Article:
IN RE: Donald G. RICHARDS, Respondent. A Member of the Bar of the District of Columbia Court of Appeals.
Respondent Donald G. Richards is a member of the bar of this court and was formerly a member of the Virginia State Bar. During a 1998 investigation of allegations against him by Virginia disciplinary authorities, respondent admitted that he misappropriated money in his attorney trust account over a nine-year period. Respondent's misconduct included the use of client funds to pay office and personal expenses.
In the face of pending disciplinary action in Virginia, respondent petitioned the Virginia State Bar Disciplinary Board (“the Virginia Board”) for leave to surrender his license to practice law in that jurisdiction. On December 3, 1998, the Virginia Board accepted respondent's resignation and revoked his license to practice law. Subsequently, a receiver who had been appointed to oversee the closing of respondent's practice found, in a preliminary report, that respondent's trust account was deficient in the amount of approximately $297,228.00. The receiver further found that respondent had misappropriated funds from at least twelve clients and that respondent's records “revealed a pattern of mishandling of client funds.”
Bar Counsel filed with this court a certified copy of the order revoking respondent's license to practice law in Virginia. This court temporarily suspended respondent pursuant to D.C.Bar R. XI, § 11(d) and referred the matter to the Board on Professional Responsibility (“the Board”).
The Board concluded that substantially different discipline is warranted in this jurisdiction and recommended that respondent be disbarred. Bar Counsel has informed the court that she takes no exception to the Board's recommendation. Respondent did not participate in the proceedings before the Board, and he has not filed any opposition to the Board's recommendation.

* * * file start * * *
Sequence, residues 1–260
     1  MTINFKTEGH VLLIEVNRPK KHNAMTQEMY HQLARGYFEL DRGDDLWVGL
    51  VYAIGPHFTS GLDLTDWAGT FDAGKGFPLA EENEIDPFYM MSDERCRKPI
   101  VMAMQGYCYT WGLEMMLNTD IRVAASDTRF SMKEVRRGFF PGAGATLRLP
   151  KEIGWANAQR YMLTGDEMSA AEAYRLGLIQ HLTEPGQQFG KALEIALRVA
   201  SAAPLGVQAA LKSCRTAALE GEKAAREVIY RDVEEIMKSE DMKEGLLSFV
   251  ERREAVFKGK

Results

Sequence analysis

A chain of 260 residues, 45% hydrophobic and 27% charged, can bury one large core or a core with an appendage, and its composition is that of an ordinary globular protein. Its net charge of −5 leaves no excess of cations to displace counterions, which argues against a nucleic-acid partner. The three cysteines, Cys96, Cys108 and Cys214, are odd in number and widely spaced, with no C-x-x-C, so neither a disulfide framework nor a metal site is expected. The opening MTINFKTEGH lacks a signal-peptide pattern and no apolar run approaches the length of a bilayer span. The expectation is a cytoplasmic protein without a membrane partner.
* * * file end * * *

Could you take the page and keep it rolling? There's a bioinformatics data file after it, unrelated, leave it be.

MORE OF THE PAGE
Respondent's failure to file any exceptions to the Board's recommendation constitutes an effective acknowledgment that reciprocal discipline is warranted and that the Board's proposed sanction is appropriate. In re Goldsborough, 654 A.2d 1285, 1287-88 (D.C.1995); see also D.C.Bar R. XI, § 11(f). The record supports the Board's conclusion that respondent intentionally misappropriated client funds.1 We held in In re Addams, 579 A.2d 190, 198-99 (D.C.1990) (en banc), that disbarment is the appropriate sanction in nearly all cases of intentional misappropriation. We are aware of no reason to make an exception in respondent's case. Accordingly,
Donald G. Richards is disbarred from the practice of law in the District of Columbia. We note that respondent has not filed the affidavit required by D.C.Bar R. XI, § 14(g). Respondent's attention is directed to the requirements of that rule and their effect on his eligibility for reinstatement. See D.C.Bar R. XI, § 16(c).
1. The rule pursuant to which the Virginia Board accepted respondent's resignation provides that a resignation tendered while disciplinary charges are pending is deemed an admission that the allegations of misconduct are true. va.Sup.Ct.R.Pt. 6, § IV, ¶ 13(I).
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